By Alisa Martell
What is the Metaverse?
Technology grows and shifts at a rapid pace. We’re starting to see innovations that were previously unimaginable. One of these innovations includes metaverses—unique, immersive, virtual reality environments that are accessed with the use of a VR headset or goggles—and they’re starting to take over the internet. Popular metaverses include Second Life, Roblox, IMVU, and Meta’s Horizon.
The keyword “metaverse” yields 677,000 results on Google and the hashtag #metaverse is used all across Instagram, with more than 60,000 posts. The hashtag is tweeted more than 500 times an hour on Twitter.
So, what does the future of virtual reality look like for consumers, businesses, and marketers?
Immersion is Key
Companies like Gucci, Nike, and Adidas have all taken a shot at immersive experiences using virtual reality.
Gucci announced its presence on metaverse platform, Roblox to sell digital handbags in its Gucci Garden Exhibition. Soon after the original sale, scalpers resold the digital merchandise for exorbitant prices. One of these coveted bags sold for $4,115, a price $800 higher than the bag’s value in the real world. Gucci made a profit of about $3.5 million from their initial sale of these virtual collectibles.
Nike also took the leap into the metaverse and created their digital marketing hub, Nikeland in Roblox. Nikeland offers players access to exclusive games and their digital showroom, where they can organically navigate the company’s range of shoes, apparel, and accessories. This organic approach allowed Nike to reach over 6.7 million Nikeland visitors since its launch in November of 2021, which has translated into real-world sales.
Adidas partnered with VR agency Somewhere Else to follow the mountain-climbing journey of two elite athletes. Viewers were able to follow the climbers through the entire process and put themselves in the shoes of world-class alpinists. This experiential style allowed Adidas to market its line of outdoor apparel in a way that stuck in consumers’ minds, in part, because it wasn’t just about consumer goods. Adidas’ marketing strategy was successful because they offered consumers more than just a product, they offered entertainment and intangible value.
Digital Marketing in the Metaverse
First, marketers need to keep in mind the value of millennials and Gen Z as their main target audiences. The brands that cater to these demographics will need to adapt to the metaverse faster than others.
Early advertising in the metaverse will mostly consist of virtual reality billboards. They’re easy to design and insert into existing apps. Sponsored content, ie social media feeds with sponsored and organic content, will come on the scene next. As metaverses develop their own proprietary ad formats, they will also develop full marketing attribution and tracking analysis.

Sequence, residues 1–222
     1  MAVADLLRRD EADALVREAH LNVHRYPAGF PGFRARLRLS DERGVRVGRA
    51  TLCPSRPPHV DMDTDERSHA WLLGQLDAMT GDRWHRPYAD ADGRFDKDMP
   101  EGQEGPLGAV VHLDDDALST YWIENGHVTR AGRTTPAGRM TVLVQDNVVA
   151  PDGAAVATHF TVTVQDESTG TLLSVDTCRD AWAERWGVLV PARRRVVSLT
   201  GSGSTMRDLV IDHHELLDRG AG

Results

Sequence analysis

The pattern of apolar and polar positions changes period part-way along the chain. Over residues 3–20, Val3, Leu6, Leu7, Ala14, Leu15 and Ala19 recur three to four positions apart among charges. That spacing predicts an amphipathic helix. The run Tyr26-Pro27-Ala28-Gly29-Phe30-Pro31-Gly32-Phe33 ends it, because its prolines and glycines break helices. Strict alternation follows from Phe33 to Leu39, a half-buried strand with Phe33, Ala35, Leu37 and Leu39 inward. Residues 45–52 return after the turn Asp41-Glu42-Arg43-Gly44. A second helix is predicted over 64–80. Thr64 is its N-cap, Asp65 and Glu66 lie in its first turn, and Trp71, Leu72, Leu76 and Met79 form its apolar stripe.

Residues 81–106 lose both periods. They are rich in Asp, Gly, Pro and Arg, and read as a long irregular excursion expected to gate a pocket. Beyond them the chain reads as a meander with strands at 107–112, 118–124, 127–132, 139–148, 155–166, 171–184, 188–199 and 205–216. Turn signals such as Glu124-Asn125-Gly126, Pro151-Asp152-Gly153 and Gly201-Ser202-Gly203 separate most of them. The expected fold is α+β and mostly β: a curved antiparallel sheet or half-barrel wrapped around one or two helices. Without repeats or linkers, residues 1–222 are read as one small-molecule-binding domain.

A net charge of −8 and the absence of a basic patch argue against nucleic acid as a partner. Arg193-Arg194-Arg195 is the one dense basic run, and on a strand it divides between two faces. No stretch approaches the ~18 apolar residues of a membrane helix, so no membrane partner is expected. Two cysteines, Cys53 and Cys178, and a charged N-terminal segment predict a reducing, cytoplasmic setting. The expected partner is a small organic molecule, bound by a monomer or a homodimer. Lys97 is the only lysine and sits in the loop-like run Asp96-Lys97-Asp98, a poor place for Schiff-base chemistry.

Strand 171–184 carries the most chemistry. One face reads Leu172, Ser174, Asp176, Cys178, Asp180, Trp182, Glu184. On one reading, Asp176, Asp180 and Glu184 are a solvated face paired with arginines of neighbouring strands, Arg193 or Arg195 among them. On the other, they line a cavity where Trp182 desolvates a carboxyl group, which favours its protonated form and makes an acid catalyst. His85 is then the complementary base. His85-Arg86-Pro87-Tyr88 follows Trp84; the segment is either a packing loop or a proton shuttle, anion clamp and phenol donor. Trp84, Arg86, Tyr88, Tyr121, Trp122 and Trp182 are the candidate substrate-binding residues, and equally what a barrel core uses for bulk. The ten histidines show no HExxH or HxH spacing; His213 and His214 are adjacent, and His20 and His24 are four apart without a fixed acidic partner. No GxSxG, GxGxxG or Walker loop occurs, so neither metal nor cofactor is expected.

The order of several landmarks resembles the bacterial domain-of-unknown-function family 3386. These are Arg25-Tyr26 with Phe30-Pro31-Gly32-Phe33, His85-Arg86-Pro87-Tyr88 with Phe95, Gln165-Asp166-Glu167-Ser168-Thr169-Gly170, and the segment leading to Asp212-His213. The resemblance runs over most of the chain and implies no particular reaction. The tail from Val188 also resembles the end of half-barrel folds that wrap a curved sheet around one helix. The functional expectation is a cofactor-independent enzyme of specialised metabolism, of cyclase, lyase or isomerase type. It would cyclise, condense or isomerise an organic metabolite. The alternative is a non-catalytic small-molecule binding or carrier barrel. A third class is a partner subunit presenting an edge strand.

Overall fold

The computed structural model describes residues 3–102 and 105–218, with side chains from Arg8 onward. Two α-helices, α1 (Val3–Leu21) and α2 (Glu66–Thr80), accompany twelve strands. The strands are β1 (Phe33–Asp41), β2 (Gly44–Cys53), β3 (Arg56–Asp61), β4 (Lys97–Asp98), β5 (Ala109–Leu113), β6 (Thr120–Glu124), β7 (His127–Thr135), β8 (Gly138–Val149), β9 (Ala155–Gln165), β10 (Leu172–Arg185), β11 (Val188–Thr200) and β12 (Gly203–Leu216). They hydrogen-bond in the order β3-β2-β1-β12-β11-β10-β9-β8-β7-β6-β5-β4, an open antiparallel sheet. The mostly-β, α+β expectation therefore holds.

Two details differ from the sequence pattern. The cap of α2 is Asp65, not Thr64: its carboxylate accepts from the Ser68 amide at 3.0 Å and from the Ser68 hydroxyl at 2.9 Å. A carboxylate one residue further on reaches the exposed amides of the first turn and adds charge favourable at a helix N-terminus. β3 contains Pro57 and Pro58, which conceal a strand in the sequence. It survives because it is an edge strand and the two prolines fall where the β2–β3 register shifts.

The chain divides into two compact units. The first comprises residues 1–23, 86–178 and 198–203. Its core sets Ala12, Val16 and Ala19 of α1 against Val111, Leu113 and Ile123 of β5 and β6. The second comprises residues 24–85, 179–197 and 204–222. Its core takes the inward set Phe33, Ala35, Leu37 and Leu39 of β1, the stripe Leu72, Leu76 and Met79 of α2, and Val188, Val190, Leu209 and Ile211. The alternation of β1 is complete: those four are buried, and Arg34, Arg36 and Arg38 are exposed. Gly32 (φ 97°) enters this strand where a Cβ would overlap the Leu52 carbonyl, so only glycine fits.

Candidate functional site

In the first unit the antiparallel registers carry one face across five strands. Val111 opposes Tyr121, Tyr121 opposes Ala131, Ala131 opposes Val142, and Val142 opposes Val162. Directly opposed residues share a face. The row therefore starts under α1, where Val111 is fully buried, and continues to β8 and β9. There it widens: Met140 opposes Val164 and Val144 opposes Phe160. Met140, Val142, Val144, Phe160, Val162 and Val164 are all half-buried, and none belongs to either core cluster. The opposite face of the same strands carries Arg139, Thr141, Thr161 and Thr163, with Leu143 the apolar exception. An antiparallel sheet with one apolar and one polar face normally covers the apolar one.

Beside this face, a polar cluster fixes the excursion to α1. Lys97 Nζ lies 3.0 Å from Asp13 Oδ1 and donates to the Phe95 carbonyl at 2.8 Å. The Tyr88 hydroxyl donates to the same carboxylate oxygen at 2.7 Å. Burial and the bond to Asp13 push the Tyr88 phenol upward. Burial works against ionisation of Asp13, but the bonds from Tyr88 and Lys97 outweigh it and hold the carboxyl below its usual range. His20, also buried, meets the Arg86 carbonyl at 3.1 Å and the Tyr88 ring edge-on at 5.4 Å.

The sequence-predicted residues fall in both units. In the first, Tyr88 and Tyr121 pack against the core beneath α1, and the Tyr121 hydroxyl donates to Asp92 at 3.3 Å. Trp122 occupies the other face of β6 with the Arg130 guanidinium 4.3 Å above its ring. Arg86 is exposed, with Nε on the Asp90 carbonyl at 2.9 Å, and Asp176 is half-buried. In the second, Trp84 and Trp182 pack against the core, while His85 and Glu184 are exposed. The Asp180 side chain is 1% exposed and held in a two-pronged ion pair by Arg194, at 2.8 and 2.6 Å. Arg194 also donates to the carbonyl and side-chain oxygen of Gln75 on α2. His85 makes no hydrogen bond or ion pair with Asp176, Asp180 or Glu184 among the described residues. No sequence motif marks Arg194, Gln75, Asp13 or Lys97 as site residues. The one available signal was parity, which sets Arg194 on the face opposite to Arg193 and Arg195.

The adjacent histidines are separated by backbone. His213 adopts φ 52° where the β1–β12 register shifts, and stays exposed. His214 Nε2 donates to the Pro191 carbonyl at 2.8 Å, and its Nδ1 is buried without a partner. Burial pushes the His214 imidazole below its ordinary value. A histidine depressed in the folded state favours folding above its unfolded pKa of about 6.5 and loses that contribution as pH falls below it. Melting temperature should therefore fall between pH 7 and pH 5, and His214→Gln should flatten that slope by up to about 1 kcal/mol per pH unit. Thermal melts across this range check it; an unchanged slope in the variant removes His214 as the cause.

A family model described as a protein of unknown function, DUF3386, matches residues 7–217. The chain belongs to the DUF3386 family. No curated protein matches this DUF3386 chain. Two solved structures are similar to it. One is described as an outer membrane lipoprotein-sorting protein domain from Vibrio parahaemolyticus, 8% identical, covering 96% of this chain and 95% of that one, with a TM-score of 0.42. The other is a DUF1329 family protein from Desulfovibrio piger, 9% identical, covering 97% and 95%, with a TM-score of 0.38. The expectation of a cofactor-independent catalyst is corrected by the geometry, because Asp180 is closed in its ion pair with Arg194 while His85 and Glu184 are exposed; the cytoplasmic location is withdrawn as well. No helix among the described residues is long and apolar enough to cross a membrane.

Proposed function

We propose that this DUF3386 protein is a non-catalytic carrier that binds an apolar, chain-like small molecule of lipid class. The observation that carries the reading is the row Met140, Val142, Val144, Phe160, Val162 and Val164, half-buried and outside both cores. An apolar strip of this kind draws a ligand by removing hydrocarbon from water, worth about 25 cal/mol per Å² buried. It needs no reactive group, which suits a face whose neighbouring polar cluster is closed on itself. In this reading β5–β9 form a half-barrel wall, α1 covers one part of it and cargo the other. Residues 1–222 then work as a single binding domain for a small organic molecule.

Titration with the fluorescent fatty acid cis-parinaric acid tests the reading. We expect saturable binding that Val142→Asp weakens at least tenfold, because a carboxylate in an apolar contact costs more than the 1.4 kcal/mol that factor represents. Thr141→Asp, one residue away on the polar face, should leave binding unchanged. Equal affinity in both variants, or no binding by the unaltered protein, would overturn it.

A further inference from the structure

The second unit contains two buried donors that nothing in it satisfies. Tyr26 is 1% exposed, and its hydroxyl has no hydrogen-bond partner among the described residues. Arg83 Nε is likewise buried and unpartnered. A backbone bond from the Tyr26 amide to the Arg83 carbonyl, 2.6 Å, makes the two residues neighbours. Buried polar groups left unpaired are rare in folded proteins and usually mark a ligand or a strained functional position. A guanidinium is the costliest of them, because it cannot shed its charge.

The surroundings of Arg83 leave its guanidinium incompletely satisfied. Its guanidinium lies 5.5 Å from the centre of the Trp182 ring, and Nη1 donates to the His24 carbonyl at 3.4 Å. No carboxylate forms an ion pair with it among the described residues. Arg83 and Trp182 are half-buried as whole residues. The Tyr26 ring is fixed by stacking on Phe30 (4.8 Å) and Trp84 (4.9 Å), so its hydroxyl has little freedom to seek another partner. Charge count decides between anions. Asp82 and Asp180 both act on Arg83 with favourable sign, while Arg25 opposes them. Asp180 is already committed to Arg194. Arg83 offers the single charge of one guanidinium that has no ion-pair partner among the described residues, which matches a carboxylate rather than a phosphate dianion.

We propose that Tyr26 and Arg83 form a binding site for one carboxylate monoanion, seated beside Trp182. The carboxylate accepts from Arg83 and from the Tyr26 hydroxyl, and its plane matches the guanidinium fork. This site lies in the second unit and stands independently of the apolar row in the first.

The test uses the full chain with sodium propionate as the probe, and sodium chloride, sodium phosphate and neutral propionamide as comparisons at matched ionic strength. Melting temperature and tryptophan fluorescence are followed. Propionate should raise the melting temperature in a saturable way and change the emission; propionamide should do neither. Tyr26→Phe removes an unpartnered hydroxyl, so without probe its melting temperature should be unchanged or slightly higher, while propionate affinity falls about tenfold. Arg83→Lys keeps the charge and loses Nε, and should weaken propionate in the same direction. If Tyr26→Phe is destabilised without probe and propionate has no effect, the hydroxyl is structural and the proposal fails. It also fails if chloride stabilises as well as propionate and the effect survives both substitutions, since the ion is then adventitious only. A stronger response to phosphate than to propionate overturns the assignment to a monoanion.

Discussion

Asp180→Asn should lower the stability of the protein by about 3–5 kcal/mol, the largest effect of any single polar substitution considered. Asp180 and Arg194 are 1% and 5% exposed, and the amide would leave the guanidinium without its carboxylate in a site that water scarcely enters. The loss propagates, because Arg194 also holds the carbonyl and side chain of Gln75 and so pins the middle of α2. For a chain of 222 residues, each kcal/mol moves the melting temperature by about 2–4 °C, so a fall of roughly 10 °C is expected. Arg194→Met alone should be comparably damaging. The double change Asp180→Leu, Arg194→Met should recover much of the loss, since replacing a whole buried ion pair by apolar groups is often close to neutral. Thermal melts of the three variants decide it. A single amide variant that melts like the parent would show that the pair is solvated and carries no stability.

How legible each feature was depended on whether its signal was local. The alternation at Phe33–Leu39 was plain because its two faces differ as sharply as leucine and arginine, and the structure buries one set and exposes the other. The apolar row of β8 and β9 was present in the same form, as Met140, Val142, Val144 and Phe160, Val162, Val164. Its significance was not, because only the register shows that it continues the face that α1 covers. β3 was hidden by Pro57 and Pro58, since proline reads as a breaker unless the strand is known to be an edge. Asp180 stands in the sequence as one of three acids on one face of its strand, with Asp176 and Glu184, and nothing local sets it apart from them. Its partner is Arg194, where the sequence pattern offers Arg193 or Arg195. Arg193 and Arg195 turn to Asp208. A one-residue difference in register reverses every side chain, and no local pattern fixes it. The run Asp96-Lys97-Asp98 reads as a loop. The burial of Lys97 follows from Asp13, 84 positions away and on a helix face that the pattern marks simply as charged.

The biggest advantage for marketers in the metaverse will be the ability to offer immersive, interactive experiences for their consumers that integrate their brand story with consumers’ purchasing experience.
Marketers will face some challenges as the metaverse evolves. Because the metaverse is decentralized, companies will have to grapple with blurred branding boundaries. Virtual reality billboards could be vandalized or distorted or the billboards could be placed in problematic contexts within these virtual worlds.
Companies may also be faced with the challenge of replicating products in real life. Product engagement could fall if brands fail to deliver similar experiences in the real world due to hyper-customization in virtual reality and high consumer expectations.
Sensory overload is another issue that marketers may face. The metaverse is far more intrusive than the digital world in its current form. Data privacy and other ethical issues will inevitably arise. Will advertisers have the ability to target ads based on the appearance and properties of consumers’ avatars in metaverses? Do individuals consent to targeted ads because they choose to upload an avatar? The development of metaverses necessitates new methods of data privacy and security. In their current form, metaverses do not have the security infrastructure in place.
Businesses are Betting Big on the Metaverse
Consumers are not only collecting items in the metaverse – they’re making big purchases, like real estate. Digital real estate company, Republic Realm recently announced the purchase of a $4.3 million plot in the Sandbox metaverse. Another Sandbox user paid $400,000 to be Snoop Dogg’s neighbor within the platform. This is an indication that the metaverse is not just a passing trend. An early presence in the metaverse gives businesses the advantage over businesses late to the game. Early adopters will have a stronger, more personal relationship with their customers and have a better understanding of how to ethically navigate the metaverse as it evolves.